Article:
Navratri is observed in the Hindu calendar month of Ashwin.
2011, Navratri starts on Sept. 28 and lasts until Oct. 6.
Durga Puja celebrations begin on Oct. 1, 2011.
Navratri is the
festival of nine nights dedicated to the glorification of
the feminine form of the Divine. During these nine nights, the
mother goddess is worshipped in nine different forms.
Navratri culminates on the 10th day with the festivities of
Vijayadashami, also known as Dusshera. A common greeting during this
festival is Shubh Navratri (Happy Navratri).
Navratri is celebrated all over India and among the
Hindu diaspora with great fanfare. Prior to the festival, skilled
artisans prepare clay models of the goddess in her various
manifestations. Many Hindus take part in special ceremonies, rituals,
fasts and festivities. People buy new clothes, prepare delicious sweets
and buy gifts for family and friends. During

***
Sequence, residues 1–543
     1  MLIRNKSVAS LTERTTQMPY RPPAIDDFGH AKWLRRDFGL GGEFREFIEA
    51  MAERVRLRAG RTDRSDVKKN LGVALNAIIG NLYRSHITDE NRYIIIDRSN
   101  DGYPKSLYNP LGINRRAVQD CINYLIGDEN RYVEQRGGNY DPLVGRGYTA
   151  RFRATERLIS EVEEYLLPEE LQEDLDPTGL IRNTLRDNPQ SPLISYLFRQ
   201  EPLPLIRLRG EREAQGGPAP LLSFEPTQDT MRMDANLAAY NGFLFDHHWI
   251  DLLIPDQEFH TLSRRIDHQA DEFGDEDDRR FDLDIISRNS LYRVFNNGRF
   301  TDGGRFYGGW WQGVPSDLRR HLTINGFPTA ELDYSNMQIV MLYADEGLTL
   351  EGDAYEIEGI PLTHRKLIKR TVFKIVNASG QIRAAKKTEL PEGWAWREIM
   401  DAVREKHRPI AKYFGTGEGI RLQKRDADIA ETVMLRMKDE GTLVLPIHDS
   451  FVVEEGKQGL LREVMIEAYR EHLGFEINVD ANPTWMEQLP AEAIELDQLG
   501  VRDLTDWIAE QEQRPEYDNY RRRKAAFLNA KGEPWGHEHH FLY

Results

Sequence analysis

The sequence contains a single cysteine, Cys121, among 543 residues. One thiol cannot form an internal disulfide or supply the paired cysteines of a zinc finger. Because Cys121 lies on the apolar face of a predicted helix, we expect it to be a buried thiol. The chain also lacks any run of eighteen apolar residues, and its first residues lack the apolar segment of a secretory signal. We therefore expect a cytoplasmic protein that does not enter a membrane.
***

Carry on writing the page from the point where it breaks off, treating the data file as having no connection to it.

Navratri, many Hindus in Gujarat and elsewhere wear colorful
costumes and perform a special type of vigorous dance known as
garba. Traditionally, garbas are performed around an earthen lamp or
images / statues of the mother goddess.
In eastern India and in the Bengali diaspora, during the last six
nights of Navratri,
goddess Durga is worshipped in a grand manner. She is venerated in
the form of a fierce, but kind many-armed goddess riding atop a lion or
a tiger, and stamping on the demon Mahishashura. On the 10th day
following Navratri, the statue of the goddess Durga is taken through the
streets in a procession accompanied with singing and dancing to be
immersed in a river or the sea.
In north India,
Vijayadashami, also known as Dusshera is the 10th day following
Navratri. It celebrates the triumph of good over evil, and marks the
victory of Lord Rama over the demon king Ravana. Huge effigies of Ravana
are burnt on this day.